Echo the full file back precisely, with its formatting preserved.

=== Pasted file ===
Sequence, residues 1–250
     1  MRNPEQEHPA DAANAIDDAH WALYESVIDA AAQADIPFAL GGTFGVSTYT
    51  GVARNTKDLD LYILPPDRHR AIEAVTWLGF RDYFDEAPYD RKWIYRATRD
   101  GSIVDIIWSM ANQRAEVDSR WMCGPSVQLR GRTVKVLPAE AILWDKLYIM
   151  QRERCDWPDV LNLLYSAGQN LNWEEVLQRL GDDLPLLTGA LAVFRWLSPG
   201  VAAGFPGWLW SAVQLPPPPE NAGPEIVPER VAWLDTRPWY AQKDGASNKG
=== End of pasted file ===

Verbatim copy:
Sequence, residues 1–250
     1  MRNPEQEHPA DAANAIDDAH WALYESVIDA AAQADIPFAL GGTFGVSTYT
    51  GVARNTKDLD LYILPPDRHR AIEAVTWLGF RDYFDEAPYD RKWIYRATRD
   101  GSIVDIIWSM ANQRAEVDSR WMCGPSVQLR GRTVKVLPAE AILWDKLYIM
   151  QRERCDWPDV LNLLYSAGQN LNWEEVLQRL GDDLPLLTGA LAVFRWLSPG
   201  VAAGFPGWLW SAVQLPPPPE NAGPEIVPER VAWLDTRPWY AQKDGASNKG